Now we get into the meat. The first combination section contains combos 1 through 4 (about 30 min). Each combination has that great screen before it, quickly explaining what will come up. Then Beaman breaks it down veeeery slowly. As far as I could tell, for every single combo in the program, Beaman is equally thorough in breaking down and drilling both sides. It’s not only great to have both sides worked out equally, but I found that sometimes I will “get” a movement on one side faster than the other, so I’m glad to have both sides instructed too.

The combos themselves are quite short and focused on linking together moves using the torso, hips, abs, and arms. There are no traveling steps. These are small units you then drill like crazy to get your body moving smoothly from one kind of isolation to another. In some cases, Beaman will present an easier version and a tougher version of a combo — and then she has you drill both.

Just in case that wasn’t enough, she then has you drill the combos at three different speeds.  Often, she will have you drill something at half time and at full time for each of the three speeds, which means you’re actually drilling at six different speeds! All of the speeds and instructions segments are chaptered, so you can easily repeat, and they’re in the menus, so you can go directly where you like.

Needless to say, what this does to your body feels pretty wonderful. As much as it’s challenging for the brain to follow along, it’s such a fabulous, careful, thorough way of getting moves into your body. Even on the first play of the DVD, I was starting to “get” some of the combinations quite smoothly. I stopped and went to a mirror to practice sometimes, I did my own stretches in between the sections, but it all worked. It felt good. And I think doing the three speeds is brilliant, because while my first challenge was getting a combo down, my second was doing it slowly. Doing a combination slowly but still evenly and smoothly is harder than doing it fast, and a great way to pay attention to what the muscles are doing and to each component of the movement.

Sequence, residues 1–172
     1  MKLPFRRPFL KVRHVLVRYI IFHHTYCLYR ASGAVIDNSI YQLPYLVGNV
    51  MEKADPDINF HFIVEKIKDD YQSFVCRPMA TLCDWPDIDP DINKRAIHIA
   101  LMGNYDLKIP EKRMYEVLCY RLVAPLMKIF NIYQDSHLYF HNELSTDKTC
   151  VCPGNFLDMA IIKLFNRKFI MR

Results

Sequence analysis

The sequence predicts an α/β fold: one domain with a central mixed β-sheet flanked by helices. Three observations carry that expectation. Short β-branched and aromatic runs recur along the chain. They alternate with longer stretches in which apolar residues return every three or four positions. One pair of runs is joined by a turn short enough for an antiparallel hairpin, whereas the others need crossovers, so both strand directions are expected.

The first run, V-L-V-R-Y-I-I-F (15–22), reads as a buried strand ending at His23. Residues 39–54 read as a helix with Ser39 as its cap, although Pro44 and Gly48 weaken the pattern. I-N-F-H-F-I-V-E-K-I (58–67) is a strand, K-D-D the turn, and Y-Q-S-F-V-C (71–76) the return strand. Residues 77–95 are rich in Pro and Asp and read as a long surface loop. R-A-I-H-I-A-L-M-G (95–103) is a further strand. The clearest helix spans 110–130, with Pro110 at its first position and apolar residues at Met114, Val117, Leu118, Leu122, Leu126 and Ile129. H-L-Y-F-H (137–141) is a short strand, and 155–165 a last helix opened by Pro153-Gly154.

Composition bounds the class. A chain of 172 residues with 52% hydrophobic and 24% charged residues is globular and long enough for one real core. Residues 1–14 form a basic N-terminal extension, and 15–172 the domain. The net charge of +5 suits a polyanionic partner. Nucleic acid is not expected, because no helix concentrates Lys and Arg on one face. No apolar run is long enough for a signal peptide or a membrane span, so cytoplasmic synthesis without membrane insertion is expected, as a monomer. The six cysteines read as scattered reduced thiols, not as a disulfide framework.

Then things get even more interesting. Beaman takes apart combos 1 and 2, and puts them together into one longer combo. Same for 3 and 4. And you drill those. Here’s what I loved about this. While she doesn’t say it in so many words, she’s really teaching you how to get smooth transitions in your own movement. You break it down into the smallest possible combinations, drill those like crazy, then combine them in creative ways, and drill those together.

The next section features combos 5 and 6 (about 17 min), and these work a little differently. These are layering combinations, and what Beaman eventually has you do is to do one of the layers, then all of the layers together, then another of the layers alone, then all together, and so on. What part of my brain was still working at this point was fried by these drills, but I also found them really cool. It’s basically a pattern for creating movement that’s interesting to the eye, adding and subtracting layers in turn.

Sara Beaman tribal fusion DVD layered combination with sidewinder
Drilling different parts of a layered sidewinder